Welcome to the Garfinkel Immigration news roundup, where every month we will summarize and provide links to the latest stories impacting U.S. immigration.
Below is the October 2021 edition of the Garfinkel Immigration news roundup:
United States to lift Covid-19 related restrictions for fully vaccinated foreign travelers on Nov. 8
The Biden administration will lift COVID-19 related restrictions for all fully vaccinated foreign travelers on Nov. 8, the White House announced earlier this month.
The new policy will apply to both international land and air travel, White House Assistant Press Secretary Kevin Munoz wrote on Twitter.
International travelers seeking to enter the United States will only be considered “fully vaccinated” if they have received the recommended dose(s) of vaccines that are approved/authorized by the Food and Drug Administration (FDA) or listed for emergency use by the World Health Organization (WHO), according to a spokesperson for the Centers for Disease Control and Prevention (CDC).
As of October 22, those vaccines include:
- FDA authorized/approved: Moderna, Johnson & Johnson and Pfizer-BioNTech
- WHO approved: Moderna, Johnson & Johnson, Pfizer-BioNTech, Oxford-AstraZeneca/Covishield, Sinopharm and Sinovac
Airlines will also be required to collect contact information, including phone numbers and email addresses, from travelers for contact tracing purposes.
Lengthy processing times keep Indian green card seekers waiting
This piece in the Roll Call written by Suzanne Monyak in mid-October details the lengthy processing times facing Indian nationals seeking green cards.
“During fiscal 2020, as the coronavirus spread across the globe, the State Department closed or limited services at its consulates and embassies abroad, stalling green card processing for Americans sponsoring their relatives abroad,” Monyak writes.
The story continued: “The government issued fewer family-based green cards than the legal minimum that year. The roughly 122,000 remaining unused ones turned into extra employment-based green cards, usually capped annually at 140,000, for fiscal 2021. This created an opportunity to make a significant dent in a backlog keeping Indian citizens … languishing in line. However, USCIS couldn’t meet the moment.”
Biden immigration authorities to end workplace raids
Immigrations and Customs Enforcement (ICE) will no longer conduct “mass worksite raids,” Department of Homeland Security Secretary Alejandro Mayorkas announced in a memo released in mid-October.
Mass worksite raids increased significantly during the administration of former President Donald Trump, according to a story from ABC.
“The deployment of mass worksite operations, sometimes resulting in the simultaneous arrest of hundreds of workers, was not focused on the most pernicious aspect of our country’s unauthorized employment challenge: exploitative employers,” Mayorkas wrote. “These highly visible operations misallocated enforcement resources while chilling, and even serving as a tool of retaliation for, worker cooperation in workplace standards investigations. Moreover, such operations are inconsistent with the Department’s September 30, 2021 Guidelines for the Enforcement of Civil Immigration Law and the individualized assessment they require.”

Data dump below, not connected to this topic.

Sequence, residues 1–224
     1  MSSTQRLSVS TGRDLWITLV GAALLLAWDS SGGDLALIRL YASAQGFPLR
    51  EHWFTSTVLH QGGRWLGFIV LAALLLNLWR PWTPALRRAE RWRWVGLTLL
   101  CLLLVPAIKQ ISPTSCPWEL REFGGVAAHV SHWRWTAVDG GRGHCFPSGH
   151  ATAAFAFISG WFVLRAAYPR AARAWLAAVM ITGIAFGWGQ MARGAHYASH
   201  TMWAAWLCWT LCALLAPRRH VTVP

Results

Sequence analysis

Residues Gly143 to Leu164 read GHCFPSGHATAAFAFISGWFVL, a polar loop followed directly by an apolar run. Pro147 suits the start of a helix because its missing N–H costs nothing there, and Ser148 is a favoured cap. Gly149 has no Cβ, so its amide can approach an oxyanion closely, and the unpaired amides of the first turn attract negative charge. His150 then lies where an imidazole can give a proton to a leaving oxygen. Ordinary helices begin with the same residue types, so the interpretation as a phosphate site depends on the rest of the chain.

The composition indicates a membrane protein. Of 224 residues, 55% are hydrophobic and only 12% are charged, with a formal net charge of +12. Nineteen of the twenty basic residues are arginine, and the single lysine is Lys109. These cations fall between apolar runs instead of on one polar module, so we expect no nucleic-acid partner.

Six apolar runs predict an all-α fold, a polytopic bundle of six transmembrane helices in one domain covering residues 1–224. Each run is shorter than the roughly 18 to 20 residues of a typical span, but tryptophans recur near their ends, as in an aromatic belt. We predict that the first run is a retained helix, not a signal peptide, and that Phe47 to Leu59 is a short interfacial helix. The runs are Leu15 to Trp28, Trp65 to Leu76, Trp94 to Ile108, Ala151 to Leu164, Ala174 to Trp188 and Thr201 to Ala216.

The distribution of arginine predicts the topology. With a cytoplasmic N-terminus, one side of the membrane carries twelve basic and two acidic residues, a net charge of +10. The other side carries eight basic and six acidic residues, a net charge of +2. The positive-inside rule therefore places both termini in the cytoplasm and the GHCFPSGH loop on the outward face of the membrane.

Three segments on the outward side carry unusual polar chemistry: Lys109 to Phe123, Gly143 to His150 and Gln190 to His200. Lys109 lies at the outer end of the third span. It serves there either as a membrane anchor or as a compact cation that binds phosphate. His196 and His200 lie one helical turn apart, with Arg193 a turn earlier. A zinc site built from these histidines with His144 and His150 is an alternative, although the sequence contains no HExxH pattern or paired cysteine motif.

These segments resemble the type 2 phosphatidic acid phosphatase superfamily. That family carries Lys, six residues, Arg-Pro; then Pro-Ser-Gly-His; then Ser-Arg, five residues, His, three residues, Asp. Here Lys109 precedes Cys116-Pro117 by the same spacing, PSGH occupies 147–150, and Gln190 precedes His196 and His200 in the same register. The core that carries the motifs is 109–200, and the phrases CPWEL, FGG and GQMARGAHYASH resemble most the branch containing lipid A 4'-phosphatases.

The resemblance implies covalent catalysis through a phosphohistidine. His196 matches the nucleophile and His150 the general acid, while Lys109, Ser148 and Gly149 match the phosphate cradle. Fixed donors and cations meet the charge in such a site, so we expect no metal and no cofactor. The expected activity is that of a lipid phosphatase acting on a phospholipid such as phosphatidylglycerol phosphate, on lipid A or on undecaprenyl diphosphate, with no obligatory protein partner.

Mayorkas added the Department of Homeland Security (DHS) is aiming to adopt immigration policies that reduce the “demand for illegal employment by delivering more severe consequences to exploitative employers and their agents.”
Chronic Green Card Backlog Gains Lawmakers’ Bipartisan Attention
This article published by Bloomberg Law details the cause of the “chronic” green card backlogs and multiple possible proposals to address the issue.
“Multiple legislative proposals would make expired green cards from previous years available to applicants and provide additional funding to U.S. Citizenship and Immigration Services, the agency charged with adjudicating green card applications,” the article reads. “But the fate of those proposals remains uncertain as lawmakers haggle over other big-ticket agenda items.”
The article adds that “USCIS Director Ur Jaddou has also identified reducing wait times for immigration benefits as a top priority at the agency.”
Biden administration unveils rule to shield DACA program from legal challenges
The Biden administration released a proposed rule late last month designed to protect and fortify the DACA program.
The “proposed rule relies on the DACA guidelines outlined in 2012, when the Obama administration created the program, and embraces the ‘consistent judgment’ that immigrants who arrived in the U.S. as minors should not be a priority for deportation,” according to an article published by CBS News.
“The Biden-Harris Administration continues to take action to protect Dreamers and recognize their contributions to this country,” Department of Homeland Security Secretary Alejandro Mayorkas said in a statement. “This notice of proposed rulemaking is an important step to achieve that goal. However, only Congress can provide permanent protection.”
A federal judge in Texas ruled in mid-July that the Deferred Action for Childhood Arrivals (DACA) program was improperly implemented by the federal government and was, therefore, illegal.
The ruling blocked new applicants from applying for DACA but did not revoke employment authorization and deportation relief for current recipients, until further order from the “Court, the Fifth Circuit Court of Appeals, or the United States Supreme Court.”
The Biden administration also appealed that ruling in early September, filing a motion in the 5th US Circuit Court of Appeals.